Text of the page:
P.L.: Certainly. It's true that international commerce creates transportation. Let's remember that 90 per cent of shipments are done by sea, which pollutes the least compared with rail or air.
Here's an example: If I am a Saudi and I no longer have enough water to cultivate wheat, I must turn to international trade. When Saudi Arabia was producing wheat, it was an ecological mistake. Thanks to the fact that wheat can be produced elsewhere and that the country can import it from countries that have water, international trade has solved an environmental problem. It is not black and white. At the end of the day, it largely depends – for transportation – on whether energy prices correctly account for CO2 emissions.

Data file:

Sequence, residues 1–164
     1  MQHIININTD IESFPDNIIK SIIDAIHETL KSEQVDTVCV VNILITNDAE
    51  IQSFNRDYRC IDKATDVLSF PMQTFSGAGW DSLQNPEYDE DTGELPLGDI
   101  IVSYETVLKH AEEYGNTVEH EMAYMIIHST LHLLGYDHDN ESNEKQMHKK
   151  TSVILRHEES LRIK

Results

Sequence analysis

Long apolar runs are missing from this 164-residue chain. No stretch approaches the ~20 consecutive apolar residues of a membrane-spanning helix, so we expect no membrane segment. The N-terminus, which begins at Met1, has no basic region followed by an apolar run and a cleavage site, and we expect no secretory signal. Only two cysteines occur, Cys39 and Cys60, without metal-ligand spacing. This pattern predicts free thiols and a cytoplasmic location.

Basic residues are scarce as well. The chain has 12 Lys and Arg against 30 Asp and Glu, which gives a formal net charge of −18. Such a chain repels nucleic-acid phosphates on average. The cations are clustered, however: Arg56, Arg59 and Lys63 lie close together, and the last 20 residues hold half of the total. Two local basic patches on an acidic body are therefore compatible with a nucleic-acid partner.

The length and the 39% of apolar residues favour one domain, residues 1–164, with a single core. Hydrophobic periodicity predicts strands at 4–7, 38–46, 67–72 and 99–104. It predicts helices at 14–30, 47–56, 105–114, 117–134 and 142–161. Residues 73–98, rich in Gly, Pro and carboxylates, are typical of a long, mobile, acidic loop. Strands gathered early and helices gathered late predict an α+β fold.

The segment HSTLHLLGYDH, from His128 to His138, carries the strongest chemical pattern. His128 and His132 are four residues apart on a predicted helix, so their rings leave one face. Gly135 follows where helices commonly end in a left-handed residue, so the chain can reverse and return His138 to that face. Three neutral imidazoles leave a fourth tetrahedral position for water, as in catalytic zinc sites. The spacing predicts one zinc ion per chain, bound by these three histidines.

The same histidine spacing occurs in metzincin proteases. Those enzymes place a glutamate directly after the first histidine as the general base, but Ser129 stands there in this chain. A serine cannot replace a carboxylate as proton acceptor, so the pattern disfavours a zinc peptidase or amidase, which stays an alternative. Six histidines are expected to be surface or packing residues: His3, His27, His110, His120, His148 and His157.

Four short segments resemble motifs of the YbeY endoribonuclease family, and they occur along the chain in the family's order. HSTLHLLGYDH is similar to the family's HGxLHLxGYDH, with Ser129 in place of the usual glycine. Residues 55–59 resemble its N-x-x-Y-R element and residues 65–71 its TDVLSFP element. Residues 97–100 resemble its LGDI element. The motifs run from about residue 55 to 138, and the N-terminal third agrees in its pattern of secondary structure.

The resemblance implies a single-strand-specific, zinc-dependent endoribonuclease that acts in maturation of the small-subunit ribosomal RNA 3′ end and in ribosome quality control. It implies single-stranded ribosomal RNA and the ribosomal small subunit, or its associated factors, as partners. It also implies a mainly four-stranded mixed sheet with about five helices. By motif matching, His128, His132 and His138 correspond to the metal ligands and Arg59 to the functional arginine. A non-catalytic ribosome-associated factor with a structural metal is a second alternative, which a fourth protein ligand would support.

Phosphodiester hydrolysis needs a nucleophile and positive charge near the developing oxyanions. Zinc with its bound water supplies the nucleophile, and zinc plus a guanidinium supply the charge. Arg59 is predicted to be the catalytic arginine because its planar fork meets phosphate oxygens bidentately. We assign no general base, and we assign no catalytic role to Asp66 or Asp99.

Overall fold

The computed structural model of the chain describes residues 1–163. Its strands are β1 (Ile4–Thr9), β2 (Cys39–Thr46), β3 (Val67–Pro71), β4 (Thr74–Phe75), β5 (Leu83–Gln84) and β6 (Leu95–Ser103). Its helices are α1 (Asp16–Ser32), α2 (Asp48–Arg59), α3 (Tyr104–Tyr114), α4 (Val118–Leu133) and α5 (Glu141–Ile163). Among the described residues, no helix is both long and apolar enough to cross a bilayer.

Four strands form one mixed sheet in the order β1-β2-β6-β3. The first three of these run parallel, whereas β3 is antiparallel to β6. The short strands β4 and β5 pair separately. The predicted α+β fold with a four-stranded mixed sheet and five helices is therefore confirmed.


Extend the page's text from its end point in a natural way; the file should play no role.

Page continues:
The question is in the hands of international negotiators who are going to have to come to an agreement at the climate conference in Copenhagen. Experience has shown that if they agree, then there is no major problem with international trade rules.
swissinfo.ch: For fair competition, should we not impose on a country like China the same social, wage and environmental conditions as those of developed countries?
P.L.: It's always easy to think that we can place our own conditions on everyone but the world doesn't work that like. We are on a planet where international regulations need to be negotiated. They can't be imposed.